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ARS Home » Northeast Area » Ithaca, New York » Robert W. Holley Center for Agriculture & Health » Emerging Pests and Pathogens Research » Research » Publications at this Location » Publication #321677

Title: The Potato leafroll virus structural proteins manipulate overlapping, yet distinct protein interaction networks during infection

item Deblasio, Stacy
item JOHNSON, RICHARD - University Of Washington
item SWEENEY, MICHELLE - Boyce Thompson Institute
item KARASEV, ALEXANDER - University Of Idaho
item Gray, Stewart
item MACCOSS, MICHAEL - University Of Washington
item Heck, Michelle

Submitted to: Proteomics
Publication Type: Peer Reviewed Journal
Publication Acceptance Date: 3/16/2015
Publication Date: 4/29/2015
Citation: Deblasio, S.L., Johnson, R., Sweeney, M., Karasev, A., Gray, S.M., Maccoss, M., Cilia, M. 2015. The Potato leafroll virus structural proteins manipulate overlapping, yet distinct protein interaction networks during infection. Proteomics. 15(12):2098-2112.

Interpretive Summary: Potato leafroll virus (PLRV) infects potatoes and is exclusively transmitted by sap-sucking aphid vectors. The virus encodes a protein shell that is comprised of two structural proteins, the coat protein and the readthrough protein. Like a scaffold, these two structural proteins make a small cage that encloses the virus' genetic material as it moves throughout the plant and aphid vector. Previous work done by others has demonstrated that the two structural proteins orchestrate several major functions of the virus during infection and insect transmission. Mutational analysis of the virus has shown that the coat protein and readthrough protein have some overlapping functions, but also some unique to each protein. For example, the readthrough protein regulates the ability of the virus to remain localized to the vascular tissue, which is important for aphid transmission. Although the precise molecular basis for those shared and specific functions are not known, we hypothesize they are regulated by protein interactions. In this study we applied a new protein interaction mapping technology to compare a fully infectious (called wild type) virus to a mutant virus that lacks the readthrough domain. The mutant virus is still infectious, but is defective in systemic plant movement and aphid transmission. By comparing protein interaction networks between the wild type and mutant virus, we could map the molecular pathways regulated specifically by the readthrough protein. Importantly, the data support the hypothesis that readthrough protein manipulates the plant's photosynthetic machinery during infection. This work shows that by coupling genetic and high throughput approaches, identification of specific protein interaction networks regulated by viral proteins during infection can be identified. These data will be useful to develop novel breeding targets and control methods in potato for resistance to PLRV.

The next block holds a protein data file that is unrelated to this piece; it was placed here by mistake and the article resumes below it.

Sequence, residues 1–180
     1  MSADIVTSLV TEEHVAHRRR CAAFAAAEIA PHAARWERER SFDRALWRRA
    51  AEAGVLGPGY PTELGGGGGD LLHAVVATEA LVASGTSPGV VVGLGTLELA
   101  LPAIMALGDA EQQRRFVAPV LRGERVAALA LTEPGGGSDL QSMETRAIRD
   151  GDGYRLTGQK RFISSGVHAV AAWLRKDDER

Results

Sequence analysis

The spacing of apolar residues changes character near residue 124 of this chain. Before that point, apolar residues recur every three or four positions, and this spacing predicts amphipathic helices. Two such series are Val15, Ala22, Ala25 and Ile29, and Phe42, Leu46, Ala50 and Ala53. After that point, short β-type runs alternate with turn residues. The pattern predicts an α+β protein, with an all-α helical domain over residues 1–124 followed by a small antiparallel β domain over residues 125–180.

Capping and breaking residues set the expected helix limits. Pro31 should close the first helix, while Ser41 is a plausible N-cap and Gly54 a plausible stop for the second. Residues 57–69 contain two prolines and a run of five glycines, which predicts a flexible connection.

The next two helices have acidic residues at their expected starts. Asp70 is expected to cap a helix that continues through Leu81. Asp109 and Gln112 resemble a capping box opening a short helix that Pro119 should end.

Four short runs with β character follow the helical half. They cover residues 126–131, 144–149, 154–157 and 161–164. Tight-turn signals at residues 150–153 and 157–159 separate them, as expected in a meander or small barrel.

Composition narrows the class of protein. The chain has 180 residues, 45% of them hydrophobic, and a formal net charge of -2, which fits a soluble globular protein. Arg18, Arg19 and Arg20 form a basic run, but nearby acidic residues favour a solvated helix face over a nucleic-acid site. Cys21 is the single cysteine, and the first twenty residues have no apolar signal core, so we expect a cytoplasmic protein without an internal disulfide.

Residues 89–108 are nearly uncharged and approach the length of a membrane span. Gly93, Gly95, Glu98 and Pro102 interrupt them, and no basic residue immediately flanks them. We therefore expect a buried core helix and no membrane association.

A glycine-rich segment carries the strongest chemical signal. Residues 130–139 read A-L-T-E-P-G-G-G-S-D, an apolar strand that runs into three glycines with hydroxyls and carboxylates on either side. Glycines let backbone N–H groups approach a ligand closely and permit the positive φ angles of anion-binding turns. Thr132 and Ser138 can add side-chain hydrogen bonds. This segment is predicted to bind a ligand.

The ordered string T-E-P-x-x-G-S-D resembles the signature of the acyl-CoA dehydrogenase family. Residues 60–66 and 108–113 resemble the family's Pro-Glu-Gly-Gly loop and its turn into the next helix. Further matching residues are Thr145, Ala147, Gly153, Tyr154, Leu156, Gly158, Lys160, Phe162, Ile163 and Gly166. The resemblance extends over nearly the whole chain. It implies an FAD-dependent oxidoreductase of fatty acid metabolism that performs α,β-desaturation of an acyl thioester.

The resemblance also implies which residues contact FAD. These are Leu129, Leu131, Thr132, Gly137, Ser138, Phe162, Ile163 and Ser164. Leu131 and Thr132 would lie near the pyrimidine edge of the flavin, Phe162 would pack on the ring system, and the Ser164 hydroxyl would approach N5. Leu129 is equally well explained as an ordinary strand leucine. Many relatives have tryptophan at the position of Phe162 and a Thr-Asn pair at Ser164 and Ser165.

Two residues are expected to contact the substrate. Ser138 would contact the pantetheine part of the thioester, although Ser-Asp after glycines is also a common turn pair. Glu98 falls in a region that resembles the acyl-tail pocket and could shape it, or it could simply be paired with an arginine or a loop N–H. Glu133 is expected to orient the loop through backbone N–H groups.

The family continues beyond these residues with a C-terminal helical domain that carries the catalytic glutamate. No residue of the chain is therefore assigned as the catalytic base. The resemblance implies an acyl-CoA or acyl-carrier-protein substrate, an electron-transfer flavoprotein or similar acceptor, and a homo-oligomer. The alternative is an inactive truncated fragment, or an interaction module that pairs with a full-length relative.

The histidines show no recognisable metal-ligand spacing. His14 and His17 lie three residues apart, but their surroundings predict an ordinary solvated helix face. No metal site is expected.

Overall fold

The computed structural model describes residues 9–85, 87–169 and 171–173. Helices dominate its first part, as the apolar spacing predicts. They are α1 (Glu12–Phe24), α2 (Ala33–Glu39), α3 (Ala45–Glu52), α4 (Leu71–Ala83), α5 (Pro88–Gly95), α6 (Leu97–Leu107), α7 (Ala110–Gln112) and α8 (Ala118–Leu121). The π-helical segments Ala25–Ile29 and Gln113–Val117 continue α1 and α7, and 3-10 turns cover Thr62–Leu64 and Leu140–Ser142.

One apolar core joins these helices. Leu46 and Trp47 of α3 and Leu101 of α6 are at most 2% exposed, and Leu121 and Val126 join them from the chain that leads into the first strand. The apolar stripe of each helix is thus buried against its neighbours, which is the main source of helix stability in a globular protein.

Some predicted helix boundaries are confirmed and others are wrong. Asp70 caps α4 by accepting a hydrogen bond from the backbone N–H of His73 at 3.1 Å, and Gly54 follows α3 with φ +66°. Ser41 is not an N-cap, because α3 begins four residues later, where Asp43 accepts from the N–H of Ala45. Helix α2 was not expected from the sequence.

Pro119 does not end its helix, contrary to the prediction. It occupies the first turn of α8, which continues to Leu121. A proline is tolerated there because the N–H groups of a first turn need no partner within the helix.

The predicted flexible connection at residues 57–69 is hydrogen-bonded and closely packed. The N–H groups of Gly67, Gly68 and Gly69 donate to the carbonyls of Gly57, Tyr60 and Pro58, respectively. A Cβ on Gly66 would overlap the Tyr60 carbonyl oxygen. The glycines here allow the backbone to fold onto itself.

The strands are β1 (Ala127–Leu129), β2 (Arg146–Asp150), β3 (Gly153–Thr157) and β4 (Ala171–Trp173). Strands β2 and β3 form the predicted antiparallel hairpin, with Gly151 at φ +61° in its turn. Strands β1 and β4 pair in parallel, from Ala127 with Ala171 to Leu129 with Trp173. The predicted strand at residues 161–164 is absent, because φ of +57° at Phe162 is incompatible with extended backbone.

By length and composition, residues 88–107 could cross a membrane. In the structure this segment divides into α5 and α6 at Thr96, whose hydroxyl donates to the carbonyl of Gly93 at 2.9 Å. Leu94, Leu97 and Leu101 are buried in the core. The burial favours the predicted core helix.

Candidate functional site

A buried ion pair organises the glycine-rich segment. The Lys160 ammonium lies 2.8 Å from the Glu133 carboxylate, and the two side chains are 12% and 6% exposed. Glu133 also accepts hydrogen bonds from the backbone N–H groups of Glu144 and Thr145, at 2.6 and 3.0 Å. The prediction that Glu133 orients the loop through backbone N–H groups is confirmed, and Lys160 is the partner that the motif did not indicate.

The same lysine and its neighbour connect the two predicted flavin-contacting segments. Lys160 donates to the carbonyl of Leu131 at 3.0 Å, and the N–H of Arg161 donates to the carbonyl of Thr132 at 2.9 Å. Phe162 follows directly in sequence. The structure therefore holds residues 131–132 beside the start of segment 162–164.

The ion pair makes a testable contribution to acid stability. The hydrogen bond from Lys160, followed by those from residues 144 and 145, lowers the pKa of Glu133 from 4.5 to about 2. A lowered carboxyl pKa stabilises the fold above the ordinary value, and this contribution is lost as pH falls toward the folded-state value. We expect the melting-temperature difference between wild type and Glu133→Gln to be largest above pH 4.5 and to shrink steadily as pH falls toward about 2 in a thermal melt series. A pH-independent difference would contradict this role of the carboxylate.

Technical Abstract: Potato leafroll virus (PLRV) produces a readthrough protein (RTP) via translational readthrough of the coat protein amber stop codon. The RTP functions as a structural component of the virion and as a non-incorporated protein in concert with numerous insect and plant proteins to regulate virus movement/transmission and tissue tropism. Affinity purification coupled to quantitative MS was used to generate protein interaction networks for a PLRV mutant that is unable to produce the read through domain (RTD) and compared to the known wild-type PLRV protein interaction network. By quantifying differences in the protein interaction networks, we identified four distinct classes of PLRV-plant interactions: those plant and nonstructural viral proteins interacting with assembled coat protein (category I); plant proteins in complex with both coat protein and RTD (category II); plant proteins in complex with the RTD (category III); and plant proteins that had higher affinity for virions lacking the RTD (category IV). Proteins identified as interacting with the RTD are potential candidates for regulating viral processes that are mediated by the RTP such as phloem retention and systemic movement and can potentially be useful targets for the development of strategies to prevent infection and/or viral transmission of Luteoviridae species that infect important crop species.